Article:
Ramachandran plot by Krunal Chodvadiya

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Ramachandran plot for structural validation of protein will give information whether your protein or model protein is allowed or not in three dimensional point of view.

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Ramachandran plot by Krunal Chodvadiya

  1. 1. Ramachandran plot By Krunal Chodvadiya 10MBT001
  2. 2. Ramachandran plot  A Ramachandran plot (also known as a Ramachandran diagram or a [φ,ψ] plot), originally developed in 1963 by G. N. Ramachandran, C. Ramakrishnan and V. Sasisekharan, is a way to visualize backbone dihedral angles ψ against φ of amino acid residues in protein structure.  Plot of φ vs. ψ  The conformations of peptides are defined by the values of φ and ψ.
  3. 3.  Each peptide bond has partial double-bond character due to resonance and cannot rotate.  Three bonds separate sequential C in a polypeptide chain. The N-C and C – C bonds can rotate, with bond angles designated φ and ψ respectively. The peptide C-N bond is not free to rotate.  Other single bonds in the backbone may also be rotationally hindered, depending on the size and charge of the side chain R groups.
  4. 4. Both φ and ψ increases as the carbonyl and amide nitrogen (respectively) rotate clockwise.
  5. 5. • By convention, both φ and ψ are defined as 00 when the two peptide bonds flanking that C carbon are in the same plane. • In a protein, this conformation is prohibited by steric overlap between an carbonyl oxygen and an amino hydrogen atom.
  6. 6. Ramachandran plot for L-Ala residues. • Conformations deemed possible are those that involve little or no steric interference, based on calculations using known van der Waals radii and bond angles.
  7. 7. • The areas shaded dark blue reflect conformations that involve no steric overlap and thus are fully allowed. • Medium blue indicates conformations allowed at the extreme limits for unfavorable atomic contacts. • lightest blue area reflects conformations that are permissible if a little flexibility is allowed in the bond angles. • Unshaded portion indicates sterically disallowed conformations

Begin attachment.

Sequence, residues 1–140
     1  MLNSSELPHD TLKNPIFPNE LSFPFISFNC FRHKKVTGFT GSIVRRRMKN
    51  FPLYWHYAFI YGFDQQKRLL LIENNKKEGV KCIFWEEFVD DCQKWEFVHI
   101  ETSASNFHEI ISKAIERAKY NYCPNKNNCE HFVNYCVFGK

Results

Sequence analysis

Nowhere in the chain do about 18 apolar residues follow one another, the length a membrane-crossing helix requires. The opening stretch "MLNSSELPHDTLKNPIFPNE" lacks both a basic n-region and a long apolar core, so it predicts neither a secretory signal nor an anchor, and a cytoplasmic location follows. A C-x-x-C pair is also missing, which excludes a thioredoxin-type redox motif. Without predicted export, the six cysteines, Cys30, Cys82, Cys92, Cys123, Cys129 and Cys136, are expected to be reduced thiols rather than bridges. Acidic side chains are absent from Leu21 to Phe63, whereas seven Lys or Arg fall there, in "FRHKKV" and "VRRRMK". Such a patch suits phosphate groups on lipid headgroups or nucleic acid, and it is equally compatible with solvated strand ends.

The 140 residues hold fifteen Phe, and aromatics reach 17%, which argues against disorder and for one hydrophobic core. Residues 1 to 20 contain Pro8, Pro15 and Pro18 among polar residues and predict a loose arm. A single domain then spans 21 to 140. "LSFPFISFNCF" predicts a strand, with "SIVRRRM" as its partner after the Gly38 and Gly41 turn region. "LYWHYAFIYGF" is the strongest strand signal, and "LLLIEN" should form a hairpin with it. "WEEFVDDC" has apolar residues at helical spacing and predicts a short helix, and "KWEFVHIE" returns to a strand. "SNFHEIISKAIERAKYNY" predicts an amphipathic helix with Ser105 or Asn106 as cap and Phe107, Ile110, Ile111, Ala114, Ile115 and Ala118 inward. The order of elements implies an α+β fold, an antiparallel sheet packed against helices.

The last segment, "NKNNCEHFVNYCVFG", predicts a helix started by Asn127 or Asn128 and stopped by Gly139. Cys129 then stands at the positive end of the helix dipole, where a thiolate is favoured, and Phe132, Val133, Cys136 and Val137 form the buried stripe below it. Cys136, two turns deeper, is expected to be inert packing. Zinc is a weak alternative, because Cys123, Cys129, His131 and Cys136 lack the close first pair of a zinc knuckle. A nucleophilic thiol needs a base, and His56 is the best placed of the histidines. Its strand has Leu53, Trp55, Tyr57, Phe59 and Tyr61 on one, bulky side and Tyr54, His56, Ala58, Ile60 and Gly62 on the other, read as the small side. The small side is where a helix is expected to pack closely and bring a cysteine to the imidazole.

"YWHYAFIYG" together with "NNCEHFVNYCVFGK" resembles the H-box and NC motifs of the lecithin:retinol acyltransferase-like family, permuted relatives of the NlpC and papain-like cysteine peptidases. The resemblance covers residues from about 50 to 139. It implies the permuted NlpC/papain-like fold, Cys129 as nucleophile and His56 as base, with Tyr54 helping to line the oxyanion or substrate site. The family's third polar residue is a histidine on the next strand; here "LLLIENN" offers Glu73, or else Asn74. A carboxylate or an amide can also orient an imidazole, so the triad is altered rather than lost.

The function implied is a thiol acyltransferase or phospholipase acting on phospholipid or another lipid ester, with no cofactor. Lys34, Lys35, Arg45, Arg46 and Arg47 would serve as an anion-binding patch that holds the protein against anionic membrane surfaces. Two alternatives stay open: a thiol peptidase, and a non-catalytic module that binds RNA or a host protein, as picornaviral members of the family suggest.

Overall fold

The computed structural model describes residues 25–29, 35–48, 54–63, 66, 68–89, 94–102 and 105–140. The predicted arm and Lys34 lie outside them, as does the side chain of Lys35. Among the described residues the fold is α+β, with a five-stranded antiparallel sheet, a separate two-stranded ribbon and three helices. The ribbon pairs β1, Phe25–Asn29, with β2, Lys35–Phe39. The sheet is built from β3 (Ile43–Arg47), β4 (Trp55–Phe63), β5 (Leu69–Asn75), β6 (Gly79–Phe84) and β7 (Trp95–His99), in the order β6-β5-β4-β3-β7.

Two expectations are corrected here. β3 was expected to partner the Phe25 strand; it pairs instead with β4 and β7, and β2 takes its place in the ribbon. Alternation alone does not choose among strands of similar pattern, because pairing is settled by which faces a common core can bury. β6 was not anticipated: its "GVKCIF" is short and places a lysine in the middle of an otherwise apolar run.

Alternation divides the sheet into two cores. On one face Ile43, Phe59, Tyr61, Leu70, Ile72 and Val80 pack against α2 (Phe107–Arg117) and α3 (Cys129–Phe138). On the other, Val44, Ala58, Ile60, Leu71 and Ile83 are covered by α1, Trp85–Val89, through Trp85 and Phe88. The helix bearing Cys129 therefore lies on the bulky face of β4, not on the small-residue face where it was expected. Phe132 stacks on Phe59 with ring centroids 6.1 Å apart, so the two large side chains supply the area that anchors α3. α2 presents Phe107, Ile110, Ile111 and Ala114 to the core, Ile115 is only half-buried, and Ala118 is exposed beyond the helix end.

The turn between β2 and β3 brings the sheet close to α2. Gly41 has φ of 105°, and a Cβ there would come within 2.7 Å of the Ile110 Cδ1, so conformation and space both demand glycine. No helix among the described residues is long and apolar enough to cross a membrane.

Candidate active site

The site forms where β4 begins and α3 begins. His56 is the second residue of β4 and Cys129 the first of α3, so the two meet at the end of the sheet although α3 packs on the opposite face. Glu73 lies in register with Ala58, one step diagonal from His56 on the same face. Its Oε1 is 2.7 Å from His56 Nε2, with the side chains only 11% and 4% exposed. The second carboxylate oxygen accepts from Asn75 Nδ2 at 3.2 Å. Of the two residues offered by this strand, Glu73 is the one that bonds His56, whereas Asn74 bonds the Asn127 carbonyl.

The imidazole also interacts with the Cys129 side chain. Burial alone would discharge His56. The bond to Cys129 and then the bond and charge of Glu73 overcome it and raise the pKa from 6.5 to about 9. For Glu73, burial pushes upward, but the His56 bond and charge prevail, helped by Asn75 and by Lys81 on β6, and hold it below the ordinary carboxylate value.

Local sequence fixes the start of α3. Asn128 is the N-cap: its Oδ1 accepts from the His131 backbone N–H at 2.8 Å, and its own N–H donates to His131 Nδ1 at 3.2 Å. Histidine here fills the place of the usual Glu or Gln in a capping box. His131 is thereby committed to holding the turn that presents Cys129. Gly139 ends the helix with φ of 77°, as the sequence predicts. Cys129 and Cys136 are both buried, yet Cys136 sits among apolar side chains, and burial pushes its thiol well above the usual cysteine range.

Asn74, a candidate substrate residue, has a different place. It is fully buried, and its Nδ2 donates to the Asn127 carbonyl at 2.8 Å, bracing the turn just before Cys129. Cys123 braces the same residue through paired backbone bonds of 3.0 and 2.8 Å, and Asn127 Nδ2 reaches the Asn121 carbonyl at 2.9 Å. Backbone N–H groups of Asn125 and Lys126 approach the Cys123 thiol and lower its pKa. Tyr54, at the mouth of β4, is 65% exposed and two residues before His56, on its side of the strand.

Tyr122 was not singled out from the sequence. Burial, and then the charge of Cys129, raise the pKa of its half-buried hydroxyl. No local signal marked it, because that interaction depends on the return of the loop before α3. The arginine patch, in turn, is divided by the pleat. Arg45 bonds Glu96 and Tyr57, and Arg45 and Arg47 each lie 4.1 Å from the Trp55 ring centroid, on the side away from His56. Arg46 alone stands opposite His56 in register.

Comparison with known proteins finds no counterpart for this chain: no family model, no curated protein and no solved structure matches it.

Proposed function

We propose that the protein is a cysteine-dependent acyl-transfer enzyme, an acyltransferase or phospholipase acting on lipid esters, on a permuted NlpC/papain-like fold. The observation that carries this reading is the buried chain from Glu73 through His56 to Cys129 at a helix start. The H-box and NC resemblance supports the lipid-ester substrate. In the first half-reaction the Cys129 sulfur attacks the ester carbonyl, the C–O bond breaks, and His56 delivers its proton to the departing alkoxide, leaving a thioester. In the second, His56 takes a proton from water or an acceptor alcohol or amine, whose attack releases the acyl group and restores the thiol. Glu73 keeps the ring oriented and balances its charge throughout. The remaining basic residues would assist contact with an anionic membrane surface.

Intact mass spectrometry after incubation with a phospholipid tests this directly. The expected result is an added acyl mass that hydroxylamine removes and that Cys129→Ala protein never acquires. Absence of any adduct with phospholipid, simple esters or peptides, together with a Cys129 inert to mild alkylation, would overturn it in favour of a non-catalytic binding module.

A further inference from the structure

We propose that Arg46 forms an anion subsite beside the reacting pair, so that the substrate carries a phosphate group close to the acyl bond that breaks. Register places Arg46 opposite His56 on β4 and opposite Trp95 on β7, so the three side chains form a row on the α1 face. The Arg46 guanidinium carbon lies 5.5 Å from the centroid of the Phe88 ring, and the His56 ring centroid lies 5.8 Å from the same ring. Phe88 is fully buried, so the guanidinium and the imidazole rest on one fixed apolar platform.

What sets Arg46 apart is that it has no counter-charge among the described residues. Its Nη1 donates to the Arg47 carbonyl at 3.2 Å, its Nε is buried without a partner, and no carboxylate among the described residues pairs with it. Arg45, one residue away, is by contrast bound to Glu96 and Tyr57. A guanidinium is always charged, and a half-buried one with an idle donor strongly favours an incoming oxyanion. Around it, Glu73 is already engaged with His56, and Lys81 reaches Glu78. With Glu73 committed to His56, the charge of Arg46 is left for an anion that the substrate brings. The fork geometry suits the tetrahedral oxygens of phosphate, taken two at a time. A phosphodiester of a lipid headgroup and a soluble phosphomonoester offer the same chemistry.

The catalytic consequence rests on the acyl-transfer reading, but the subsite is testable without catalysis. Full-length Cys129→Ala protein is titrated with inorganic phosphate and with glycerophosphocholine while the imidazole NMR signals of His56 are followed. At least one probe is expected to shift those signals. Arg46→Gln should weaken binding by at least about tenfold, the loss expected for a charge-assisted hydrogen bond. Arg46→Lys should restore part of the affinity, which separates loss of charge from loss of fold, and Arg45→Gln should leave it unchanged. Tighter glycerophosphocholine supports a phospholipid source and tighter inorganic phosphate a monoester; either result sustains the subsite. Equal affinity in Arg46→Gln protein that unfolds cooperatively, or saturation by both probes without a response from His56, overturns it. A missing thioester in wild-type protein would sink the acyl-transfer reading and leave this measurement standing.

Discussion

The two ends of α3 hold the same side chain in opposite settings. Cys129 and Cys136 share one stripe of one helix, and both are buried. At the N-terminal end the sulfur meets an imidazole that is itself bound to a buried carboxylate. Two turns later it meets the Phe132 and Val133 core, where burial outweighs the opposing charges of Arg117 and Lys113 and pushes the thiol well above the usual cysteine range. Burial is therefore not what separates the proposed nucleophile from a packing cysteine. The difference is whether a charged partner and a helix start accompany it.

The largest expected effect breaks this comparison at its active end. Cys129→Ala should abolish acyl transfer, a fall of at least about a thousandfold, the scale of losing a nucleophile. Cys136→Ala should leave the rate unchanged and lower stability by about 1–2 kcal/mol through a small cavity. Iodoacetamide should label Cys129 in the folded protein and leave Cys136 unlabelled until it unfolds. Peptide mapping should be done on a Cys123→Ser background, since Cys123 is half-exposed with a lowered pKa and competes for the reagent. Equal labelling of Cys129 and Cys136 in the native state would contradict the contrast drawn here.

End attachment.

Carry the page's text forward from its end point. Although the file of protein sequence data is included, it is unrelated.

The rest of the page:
8. 8. values of φ and ψ for various allowed 20 structures Every type of secondary structure can be completely described by the bond angles φ and ψ at each residue.
  9. 9. The structure of cytochrome C shows many segments of helix and the Ramachandran plot shows a tight grouping of φ = -60 and psi = -45 to -50. -helix cytochrome C Ramachandran plot
  10. 10. Similarly, repetitive values in the region of φ = -110 to -140 and ψ = +110 to +135 give beta sheets. The structure of plastocyanin is composed mostly of beta sheets; the Ramachandran plot shows values in the –110, +130 region: beta-sheet plastocyanin Ramachandran plot
  11. 11. Glycine Ramachandran Plot Because its side chain, a single hydrogen atom, is small, a Gly residue can take part in many conformations that are sterically forbidden for other amino acids.
  12. 12. Proline Ramachandran Plot The range for Pro residues is greatly restricted because φ is limited by the cyclic side chain to the range of -35 to -85.
  13. 13. Significance  A Ramachandran plot can be used in 2 somewhat different ways. i. One is to show in theory which values, or conformations, of the ψ and φ angles are possible for an amino-acid residue in a protein. ii. A second is to show the empirical distribution of datapoints observed in a single structure in usage for structure validation, or else in a database of many structures.
  14. 14. Thank you

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